I’ve dated the same man for thirty two years. Some would say that’s remarkable for the staying power alone, but it’s not really. You see, we’ve been married for thirty of those years. That is the remarkable part.
Last week at work, an appointment for this past Thursday popped up in my Outlook calendar. The subject line read “Mystery Date.” The invite was from my husband. My heart skipped a beat and I hit accept.
“Mystery date?” I asked that evening over dinner. He smiled, nodded his head. “Hmm,” he murmured. The only other information I got out of him was “casual clothing, launch time 9:30 am”.Our mystery dates have become a highlight in our gallery of dates. Why still court each other? Because we’re not the same people who were friends for seven years before we began dating. We’re not the same as when we got married, established our home, or raised our son.
Over the years, dates have run the gamut from a simple drive around the island when Abe was a baby, to pizza dinners by the river, to author talks, a run through the car wash followed by a trip for ice cream, to classic car shows and to full-blown formal nights out for dinner and a concert. The constant? It’s just the two of us.
So what was Thursday’s Mystery Date? One of the best EVER! We hit the road at 9:30, stopped for breakfast at a local diner and were on our way. A relaxing hour and a half drive later along the water on Route 5 took us to our destination, the Chautauqua Institution. You could easily spend a week or more there, but we made the most of our day trip.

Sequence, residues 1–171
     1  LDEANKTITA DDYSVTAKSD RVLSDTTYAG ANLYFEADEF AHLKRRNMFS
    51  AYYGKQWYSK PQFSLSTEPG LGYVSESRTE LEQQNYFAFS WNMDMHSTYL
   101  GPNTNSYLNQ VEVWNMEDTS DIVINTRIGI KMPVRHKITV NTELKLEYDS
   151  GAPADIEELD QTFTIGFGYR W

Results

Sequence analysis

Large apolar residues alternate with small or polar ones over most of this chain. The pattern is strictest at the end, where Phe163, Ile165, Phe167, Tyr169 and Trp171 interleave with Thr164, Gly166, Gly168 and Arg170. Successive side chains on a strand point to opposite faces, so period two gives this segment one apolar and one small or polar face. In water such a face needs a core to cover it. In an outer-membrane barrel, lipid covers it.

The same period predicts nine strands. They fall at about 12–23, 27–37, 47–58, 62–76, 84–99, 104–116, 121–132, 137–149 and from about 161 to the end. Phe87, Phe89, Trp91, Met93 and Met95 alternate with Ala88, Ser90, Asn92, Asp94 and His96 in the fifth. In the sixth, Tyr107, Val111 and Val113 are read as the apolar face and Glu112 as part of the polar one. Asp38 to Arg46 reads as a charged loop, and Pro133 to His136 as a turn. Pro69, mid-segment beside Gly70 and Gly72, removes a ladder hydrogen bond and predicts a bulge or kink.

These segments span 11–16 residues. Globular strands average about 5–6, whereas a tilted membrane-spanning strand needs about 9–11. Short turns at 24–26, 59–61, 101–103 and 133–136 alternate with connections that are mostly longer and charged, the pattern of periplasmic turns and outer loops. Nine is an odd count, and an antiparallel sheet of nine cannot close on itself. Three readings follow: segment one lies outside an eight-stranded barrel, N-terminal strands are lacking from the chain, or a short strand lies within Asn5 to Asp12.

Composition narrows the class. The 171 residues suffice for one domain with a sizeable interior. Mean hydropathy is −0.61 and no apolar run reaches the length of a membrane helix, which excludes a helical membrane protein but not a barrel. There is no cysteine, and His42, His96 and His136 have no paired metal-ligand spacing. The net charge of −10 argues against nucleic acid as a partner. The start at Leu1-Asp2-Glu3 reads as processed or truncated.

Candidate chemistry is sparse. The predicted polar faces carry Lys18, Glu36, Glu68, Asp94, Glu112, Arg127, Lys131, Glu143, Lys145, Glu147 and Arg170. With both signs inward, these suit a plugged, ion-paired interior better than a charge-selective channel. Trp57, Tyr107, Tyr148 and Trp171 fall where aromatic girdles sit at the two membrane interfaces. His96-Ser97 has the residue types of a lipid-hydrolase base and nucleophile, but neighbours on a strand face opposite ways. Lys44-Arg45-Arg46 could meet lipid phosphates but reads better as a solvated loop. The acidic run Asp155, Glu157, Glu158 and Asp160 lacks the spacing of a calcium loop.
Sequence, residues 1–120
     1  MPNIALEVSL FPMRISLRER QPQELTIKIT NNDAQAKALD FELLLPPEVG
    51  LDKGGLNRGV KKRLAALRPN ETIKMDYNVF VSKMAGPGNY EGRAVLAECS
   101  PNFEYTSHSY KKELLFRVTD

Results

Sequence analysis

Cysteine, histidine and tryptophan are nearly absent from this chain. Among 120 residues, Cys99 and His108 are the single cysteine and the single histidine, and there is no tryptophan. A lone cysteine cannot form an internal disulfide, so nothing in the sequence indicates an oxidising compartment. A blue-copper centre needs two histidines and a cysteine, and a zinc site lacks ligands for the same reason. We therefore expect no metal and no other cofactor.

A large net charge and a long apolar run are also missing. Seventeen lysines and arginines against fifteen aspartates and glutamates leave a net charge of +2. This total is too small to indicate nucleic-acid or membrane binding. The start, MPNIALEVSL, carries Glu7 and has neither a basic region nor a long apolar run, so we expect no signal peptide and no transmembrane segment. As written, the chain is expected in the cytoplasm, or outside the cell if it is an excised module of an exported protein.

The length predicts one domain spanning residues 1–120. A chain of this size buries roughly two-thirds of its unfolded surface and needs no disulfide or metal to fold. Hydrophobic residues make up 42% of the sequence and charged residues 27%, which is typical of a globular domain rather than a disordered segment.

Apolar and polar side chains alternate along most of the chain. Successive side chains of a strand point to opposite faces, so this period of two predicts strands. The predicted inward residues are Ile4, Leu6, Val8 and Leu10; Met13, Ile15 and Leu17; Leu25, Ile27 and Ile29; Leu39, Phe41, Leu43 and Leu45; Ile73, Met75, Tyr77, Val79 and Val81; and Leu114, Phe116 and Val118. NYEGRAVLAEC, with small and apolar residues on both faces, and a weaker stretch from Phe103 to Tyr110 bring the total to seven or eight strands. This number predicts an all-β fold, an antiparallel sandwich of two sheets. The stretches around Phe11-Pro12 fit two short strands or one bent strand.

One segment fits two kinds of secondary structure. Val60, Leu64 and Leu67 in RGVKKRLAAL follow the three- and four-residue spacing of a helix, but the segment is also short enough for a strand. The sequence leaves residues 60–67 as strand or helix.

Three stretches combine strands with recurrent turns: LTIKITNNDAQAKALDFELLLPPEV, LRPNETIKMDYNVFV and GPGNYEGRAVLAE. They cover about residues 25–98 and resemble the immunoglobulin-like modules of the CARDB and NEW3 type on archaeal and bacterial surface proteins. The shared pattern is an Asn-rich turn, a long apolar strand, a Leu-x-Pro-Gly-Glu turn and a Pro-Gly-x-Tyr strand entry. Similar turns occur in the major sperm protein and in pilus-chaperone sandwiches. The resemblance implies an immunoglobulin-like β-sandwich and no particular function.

Steve picked out two events I fell in love with. First, we enjoyed two of the seven finalists in the 18th Chautauqua Piano Competition Finals. The young woman and gentleman we saw were stellar performers. Their 25-minute solos provided two completely different styles in the pieces they chose. We left them to have a bite to eat before heading over to the Hall of Philosophy, a huge outdoor Greek style pavilion to hear author Margaret Atwood speak on The Handmaid’s Tale. She talked about her writing process and influences on the plot lines. Topics ranged from the choice of dress for characters to the setting of a totalitarian society. The couple hundred people gathered were enthralled with her stories and personal experiences. For this writer (and Atwood fan), it was a huge treat.
Why bother planning these for each other? For the simplest of reasons. It’s wonderful to plan something for the other that caters to an interest (like writing for me or classic cars for Steve). Dates give us time to reconnect and center attention back on each other, away from jobs, commitments, family and hobbies. Sometimes they’re just a whole lot of fun and laughter.
The point is in taking the time to plan, to invite, to participate and appreciate. Something I look forward to for many dates…and years, to come.